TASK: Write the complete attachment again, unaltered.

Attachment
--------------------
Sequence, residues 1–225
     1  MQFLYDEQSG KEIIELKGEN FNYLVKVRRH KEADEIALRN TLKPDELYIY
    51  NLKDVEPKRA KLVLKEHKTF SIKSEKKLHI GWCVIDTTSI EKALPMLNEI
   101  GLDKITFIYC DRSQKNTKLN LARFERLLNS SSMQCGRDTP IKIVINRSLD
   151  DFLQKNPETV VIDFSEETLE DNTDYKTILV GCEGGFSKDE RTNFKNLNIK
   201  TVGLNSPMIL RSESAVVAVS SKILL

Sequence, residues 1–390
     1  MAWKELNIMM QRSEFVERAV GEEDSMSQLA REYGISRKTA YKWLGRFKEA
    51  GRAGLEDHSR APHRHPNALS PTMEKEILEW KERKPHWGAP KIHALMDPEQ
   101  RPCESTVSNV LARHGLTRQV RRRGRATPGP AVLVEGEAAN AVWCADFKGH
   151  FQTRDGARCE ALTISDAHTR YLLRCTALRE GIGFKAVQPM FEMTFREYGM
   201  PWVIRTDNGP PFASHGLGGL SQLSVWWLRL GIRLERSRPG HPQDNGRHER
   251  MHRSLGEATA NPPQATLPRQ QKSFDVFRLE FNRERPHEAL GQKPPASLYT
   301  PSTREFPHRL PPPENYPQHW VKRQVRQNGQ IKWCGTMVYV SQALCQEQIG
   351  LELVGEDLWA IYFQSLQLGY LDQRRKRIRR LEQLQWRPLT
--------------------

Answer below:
Sequence, residues 1–225
     1  MQFLYDEQSG KEIIELKGEN FNYLVKVRRH KEADEIALRN TLKPDELYIY
    51  NLKDVEPKRA KLVLKEHKTF SIKSEKKLHI GWCVIDTTSI EKALPMLNEI
   101  GLDKITFIYC DRSQKNTKLN LARFERLLNS SSMQCGRDTP IKIVINRSLD
   151  DFLQKNPETV VIDFSEETLE DNTDYKTILV GCEGGFSKDE RTNFKNLNIK
   201  TVGLNSPMIL RSESAVVAVS SKILL

Sequence, residues 1–390
     1  MAWKELNIMM QRSEFVERAV GEEDSMSQLA REYGISRKTA YKWLGRFKEA
    51  GRAGLEDHSR APHRHPNALS PTMEKEILEW KERKPHWGAP KIHALMDPEQ
   101  RPCESTVSNV LARHGLTRQV RRRGRATPGP AVLVEGEAAN AVWCADFKGH
   151  FQTRDGARCE ALTISDAHTR YLLRCTALRE GIGFKAVQPM FEMTFREYGM
   201  PWVIRTDNGP PFASHGLGGL SQLSVWWLRL GIRLERSRPG HPQDNGRHER
   251  MHRSLGEATA NPPQATLPRQ QKSFDVFRLE FNRERPHEAL GQKPPASLYT
   301  PSTREFPHRL PPPENYPQHW VKRQVRQNGQ IKWCGTMVYV SQALCQEQIG
   351  LELVGEDLWA IYFQSLQLGY LDQRRKRIRR LEQLQWRPLT